Article Contents
Article Contents

# Mean field models for large data–clustering problems

• * Corresponding author: Lorenzo Pareschi
• We consider mean-field models for data–clustering problems starting from a generalization of the bounded confidence model for opinion dynamics. The microscopic model includes information on the position as well as on additional features of the particles in order to develop specific clustering effects. The corresponding mean–field limit is derived and properties of the model are investigated analytically. In particular, the mean–field formulation allows the use of a random subsets algorithm for efficient computations of the clusters. Applications to shape detection and image segmentation on standard test images are presented and discussed.

Mathematics Subject Classification: Primary: 82C40, 94A08; Secondary: 68U10.

 Citation:

• Figure 1.  Trend to the steady–state of the one–dimensional Hegselmann–Krause model (1) with $n = 100$ agents equally spaced at initial time and non–symmetric interactions (top row) and of the mean–field model (12) computed with Algorithm 1 (bottom row) up to final time $T = 20$. Left panels show the case for $\epsilon_1 = 0.5$, the right panels show the case for $\epsilon_1 = 0.15$

Figure 2.  Evolution in time of the first moment (left) and of the second moment (right) for the two values of the bounded confidence level $\epsilon_1 = 0.5$ (dashed lines) and $\epsilon_1 = 0.15$ (solid lines)

Figure 3.  Left: trend to the steady–state of the mean–field model (12) computed with Algorithm 1 with $N = 2\times10^4$, $M = 2$, $\epsilon_1 = 0.15$ and up to final time $T = 20$. Right: energy decay of the mean–field model (12) for several values of interacting particles $M$

Figure 4.  Particle solution (left plots) with $N = 10000$ and kinetic density (right plots). Results are provided at time $t = 4$ (top row) and final time $T = 50$ (bottom row). The bounded confidence level is $\epsilon_1 = 0.15$

Figure 5.  Evolution in time of the two–dimensional first moments (left) and second moments (right) for the bounded confidence level $\epsilon_1 = 0.15$

Figure 6.  Top row: particles and kinetic density at initial time (left plot) and at equilibrium (right plot). Bottom row: at left, analysis of the distances between clusters in $x$ (blue line with circle markers) and $c$ direction (red line with triangle markers); at right, plot of the marginals. Confidence levels are $\epsilon_1 = 0.15$ and $\epsilon_2 = 0.025$

Figure 7.  Particle and kinetic density at equilibrium with confidence levels $\epsilon_1 = 0.15$, $\epsilon_2 = 0.1$ (left) and $\epsilon_1 = 1$, $\epsilon_2 = 0.025$ (right)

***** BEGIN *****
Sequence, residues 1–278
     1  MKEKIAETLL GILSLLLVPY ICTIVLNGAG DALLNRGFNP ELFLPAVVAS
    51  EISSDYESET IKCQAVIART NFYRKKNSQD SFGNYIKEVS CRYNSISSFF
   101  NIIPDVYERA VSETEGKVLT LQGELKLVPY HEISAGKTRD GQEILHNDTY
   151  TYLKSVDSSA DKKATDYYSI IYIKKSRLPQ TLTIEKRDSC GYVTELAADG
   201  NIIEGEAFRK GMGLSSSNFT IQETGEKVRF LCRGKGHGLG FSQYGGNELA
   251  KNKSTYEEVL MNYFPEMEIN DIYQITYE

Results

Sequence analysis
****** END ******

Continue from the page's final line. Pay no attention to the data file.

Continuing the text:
Figure 8.  Shape detection of the letter "A" initialized with $10\%$ of a uniform additive noise. Top left panel shows the initial condition. We show clusters obtained with bounded confidence values $\epsilon_1 = 0.06$ (top right), $\epsilon_1 = 0.08$ (bottom left) and $\epsilon_1 = 0.1$ (bottom right)

Figure 9.  Shape detection of the letter "A" initialized with $5.5\%$ of a Gaussian additive noise. Top left panel shows the initial condition. We show clusters obtained with bounded confidence values $\epsilon_1 = 0.05$ (top right), $\epsilon_1 = 0.0675$ (bottom left) and $\epsilon_1 = 0.08$ (bottom right)

Figure 10.  Left panel: initial image of $4096$ pixels with four regions with different gray intensity. Middle panel: red dots show the positions of the clusters at equilibrium. Right panel: segmentation of the initial image in two regions

Figure 11.  Image segmentation of $174\times73$ gray scale image taken by the data–set [6]

Figure 12.  Image segmentation of $93\times93$ gray scale image taken by the data–set [24]

Figure 13.  Image segmentation of $128\times94$ gray scale image taken by the data–set [32]

Figure 14.  Image segmentation of $67\times67$ gray scale image taken by the data–set [32]

Figure 15.  Image segmentation of $132\times106$ gray scale image taken by the data–set [32]

Table 1.  Number of clusters and errors depending on the bounded confidence value and the percentage of the noise when uniformly distributed

 $\alpha = 5\%$ $\alpha = 7.5\%$ $\alpha = 10\%$ $\epsilon_1$ $\mathcal{E}$ $\tilde{n}$ $\epsilon_1$ $\mathcal{E}$ $\tilde{n}$ $\epsilon_1$ $\mathcal{E}$ $\tilde{n}$ 0.03 1.25e-02 30 0.03 3.47e-02 51 0.06 2.64e-02 11 0.04 4.10e-03 16 0.05 1.21e-02 14 0.07 1.48e-02 8 0.05 4.00e-03 12 0.07 7.70e-03 8 0.08 1.12e-02 8 0.06 4.60e-03 9 0.09 7.90e-03 8 0.09 1.63e-02 5 0.07 5.40e-03 8 0.11 1.66e-02 3 0.10 1.63e-02 5

Table 2.  Number of clusters and errors depending on the bounded confidence value and the percentage of the noise when normally distributed

 $\alpha = 5\%$ $\alpha = 5.5\%$ $\alpha = 6\%$ $\epsilon_1$ $\mathcal{E}$ $\tilde{n}$ $\epsilon_1$ $\mathcal{E}$ $\tilde{n}$ $\epsilon_1$ $\mathcal{E}$ $\tilde{n}$ 0.05 4.44e-02 23 0.05 4.73e-02 24 0.05 6.37e-02 30 0.06 1.36e-02 11 0.06 2.62e-02 13 0.06 4.16e-02 16 0.065 6.40e-03 9 0.065 1.63e-02 11 0.07 2.12e-02 9 0.07 6.70e-03 7 0.0675 7.40e-03 10 0.075 9.70e-03 7 0.08 8.50e-03 7 0.07 8.00e-03 9 0.08 9.20e-03 7 0.09 1.00e-02 6 0.08 9.80e-03 7 0.085 1.10e-02 5
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